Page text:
Monthly Archives: September 2013

CT’s reaction: Dems shout, GOP shrugs

The debate over the looming federal government shutdown Monday was one-sided in Connecticut as Democrats aggressively tried to brand Republicans as irresponsible, while the GOP had no coordinated response.U.S. Sens. Richard Blumenthal and Chris Murphy each held press events reinforcing the message and strategy of Senate Majority Leader Harry Reid, D-Nevada, who opposed making concessions on Obamacare as the price of resolving the fiscal stalemate.Blumenthal said the crisis was the fault of “a small fringe group of extremists in the House of Representatives” who are willing to hold the U.S. government hostage until the Obama administration agrees to dismantle or delay the Affordable Care Act. “We can debate and consider improvements to the Affordable Care Act, but they should not be done as a condition of continuing the vital work of government,” Blumenthal said at a Glastonbury manufacturer.“At some point, we have to draw a line in the stand that this is no way to run a railroad,” Murphy told reporters in a conference call. He referred to the GOP’s stance in Washington as “a temper tantrum.”From the White House to the Senate majority to state Democrats, the Democratic message was consistent: The GOP is willing to imperil the fragile U.S. economy with a government shutdown over its opposition to the health-care law.The absence of a coordinated Republican response was a measure of the party’s struggle at times to compete on message in Connecticut, where the GOP holds no statewide office or seat in Congress. “Absolutely, no question about it. We need to do a much better job of messaging about what we stand for in Washington,” said Danbury Mayor Mark Boughton, a Republican who is exploring a run for governor in 2014.Jerry Labriola, the GOP state chairman, said no one should be surprised that Democrats were more aggressive in Connecticut on the shutdown.“They control all the federal offices in Connecticut, so their voices are going to be a little louder,” Labriola said.Chris Healy, who preceded Labriola as the GOP chairman, said, “It’s an inside baseball issue now. The Democrats have a short-term advantage, because they can speak with one voice.”Richard Foley, a former state chairman who is a consultant to the congressional campaign of Mark Greenberg in the 5th Congressional District, said the Democrats are working strenuously to frame an issue that may fizzle.“It reminds me of Y2K,” he said. Continue Reading →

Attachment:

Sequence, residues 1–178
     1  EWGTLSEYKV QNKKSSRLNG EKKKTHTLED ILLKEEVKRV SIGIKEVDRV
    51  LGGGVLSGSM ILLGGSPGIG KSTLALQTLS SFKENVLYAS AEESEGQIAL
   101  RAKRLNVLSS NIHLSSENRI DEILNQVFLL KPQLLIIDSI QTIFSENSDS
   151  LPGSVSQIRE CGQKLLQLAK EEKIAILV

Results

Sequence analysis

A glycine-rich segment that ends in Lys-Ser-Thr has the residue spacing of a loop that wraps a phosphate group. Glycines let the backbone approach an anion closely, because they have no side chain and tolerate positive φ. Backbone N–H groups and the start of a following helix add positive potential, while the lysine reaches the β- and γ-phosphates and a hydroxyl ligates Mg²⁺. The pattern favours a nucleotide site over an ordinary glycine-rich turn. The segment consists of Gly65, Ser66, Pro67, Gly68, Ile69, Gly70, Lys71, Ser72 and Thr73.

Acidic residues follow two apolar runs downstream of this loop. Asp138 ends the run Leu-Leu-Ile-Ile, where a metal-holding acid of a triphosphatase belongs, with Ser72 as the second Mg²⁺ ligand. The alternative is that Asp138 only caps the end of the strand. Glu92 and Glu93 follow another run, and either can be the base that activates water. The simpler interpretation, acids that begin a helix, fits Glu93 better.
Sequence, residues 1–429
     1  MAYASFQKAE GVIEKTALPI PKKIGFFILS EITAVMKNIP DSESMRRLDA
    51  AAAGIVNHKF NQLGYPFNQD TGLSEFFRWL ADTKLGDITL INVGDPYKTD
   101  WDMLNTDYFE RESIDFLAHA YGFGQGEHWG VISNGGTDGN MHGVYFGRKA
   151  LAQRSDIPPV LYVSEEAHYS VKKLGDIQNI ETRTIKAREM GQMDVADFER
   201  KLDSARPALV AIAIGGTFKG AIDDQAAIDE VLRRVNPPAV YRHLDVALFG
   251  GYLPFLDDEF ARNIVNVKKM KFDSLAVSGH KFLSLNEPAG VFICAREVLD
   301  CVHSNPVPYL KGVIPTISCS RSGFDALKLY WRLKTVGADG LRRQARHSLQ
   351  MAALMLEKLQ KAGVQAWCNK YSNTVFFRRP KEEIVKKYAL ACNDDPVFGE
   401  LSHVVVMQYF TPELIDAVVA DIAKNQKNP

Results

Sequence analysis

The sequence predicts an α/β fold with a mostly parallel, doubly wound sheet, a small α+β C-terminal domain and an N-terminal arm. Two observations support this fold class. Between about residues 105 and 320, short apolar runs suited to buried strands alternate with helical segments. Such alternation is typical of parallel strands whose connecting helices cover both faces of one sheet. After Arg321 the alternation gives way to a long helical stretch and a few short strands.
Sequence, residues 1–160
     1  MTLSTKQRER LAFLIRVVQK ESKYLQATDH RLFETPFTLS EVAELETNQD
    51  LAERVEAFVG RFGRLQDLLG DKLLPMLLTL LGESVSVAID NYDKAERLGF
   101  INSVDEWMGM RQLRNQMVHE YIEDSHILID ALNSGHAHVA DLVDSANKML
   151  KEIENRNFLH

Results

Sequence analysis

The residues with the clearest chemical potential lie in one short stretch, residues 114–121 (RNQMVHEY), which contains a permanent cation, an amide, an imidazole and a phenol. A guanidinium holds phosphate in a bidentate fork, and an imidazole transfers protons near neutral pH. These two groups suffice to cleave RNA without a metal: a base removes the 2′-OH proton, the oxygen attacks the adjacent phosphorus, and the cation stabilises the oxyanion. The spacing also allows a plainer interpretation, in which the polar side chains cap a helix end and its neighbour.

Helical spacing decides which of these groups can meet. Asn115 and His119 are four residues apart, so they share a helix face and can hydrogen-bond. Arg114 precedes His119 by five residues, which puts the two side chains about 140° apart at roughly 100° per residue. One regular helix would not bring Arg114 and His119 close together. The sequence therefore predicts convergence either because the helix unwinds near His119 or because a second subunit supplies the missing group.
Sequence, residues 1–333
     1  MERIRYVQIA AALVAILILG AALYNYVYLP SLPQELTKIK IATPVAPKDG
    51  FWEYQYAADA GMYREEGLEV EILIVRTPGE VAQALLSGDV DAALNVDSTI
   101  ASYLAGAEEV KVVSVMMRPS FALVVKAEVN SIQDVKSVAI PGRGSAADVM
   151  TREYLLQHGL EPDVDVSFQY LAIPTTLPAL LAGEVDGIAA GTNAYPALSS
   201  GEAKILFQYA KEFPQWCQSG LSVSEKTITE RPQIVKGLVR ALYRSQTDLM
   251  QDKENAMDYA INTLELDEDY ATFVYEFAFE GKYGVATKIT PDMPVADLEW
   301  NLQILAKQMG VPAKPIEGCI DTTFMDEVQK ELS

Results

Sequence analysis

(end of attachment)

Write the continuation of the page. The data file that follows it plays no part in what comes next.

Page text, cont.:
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Connecticut’s poor most likely to feel shutdown impact first

Washington – Connecticut’s poorest and neediest citizens are likely to feel the sting of a federal government shutdown before most of the rest of the state’s population.Connecticut receives more than $1 billion each year for federal nutrition programs (from food stamps to school breakfasts), more than $2.5 billion from Washington to run Medicaid, the government-run health program for the poor, and more than $500 million for Temporary Assistance for Needy Families, the official name for the state’s welfare program. Millions of dollars more are provided from the federal government for home heating assistance, nutrition programs for seniors, Head Start pre-school education and grants to health clinics that serve the uninsured.If Congress does not find a way to continue to fund the federal government after the end of the federal fiscal year –- midnight on Monday -– states will stop receiving funds for these poverty programs.And with Congress at an apparent stalemate, expectations the government would shut down grew steadily Monday with the ticking of the clock. Just hours before the likely shutdown, however, Connecticut officials did not know how much the state has in leftover funds to run all programs that are funded in wholly or in part by the federal government.“We’re in the process of trying to figure that out,” said Gian-Carl Casa, undersecretary for legislative affairs for Connecticut’s Office of Policy and Management. “We know the agencies have some carryover funds, but we don’t know how much.”Casa said Gov. Dannel Malloy planned to meet with state officials Monday afternoon to discuss fiscal affairs.  In addition, all state agencies have been asked to come up with contingency plans by Tuesday.After the state determines how much federal money it has for dozens of poverty programs it administers, the big question becomes the length of a shutdown and whether the available funds be enough to carry the state in the crisis is resolved. “The duration of the shutdown will have a big impact [on program operations] ,” Casa said.Connecticut may have received an advanced appropriation for Medicaid. But one state Head Start program will start feeling money pinch Tuesday.The Special Supplemental Nutrition Program for Women, Infants and Children, better known as WIC, serves about 58,000 Connecticut residents and is funded entirely from Washington.The Connecticut Department of Public Health expects to have an assesment of teh impact of a shutdown on that program in the next few days. The agency also has a contingency plan which included referring WIC clients to community based programs and services, including food pantries.“The uncertainty of the situation makes it difficult for everyone,“ said Lucy Nolan, “It certainly is confusing to those who want benefits but don’t know if they can get them. Continue Reading →

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Prolonged federal shutdown could damage Connecticut’s fragile economic recovery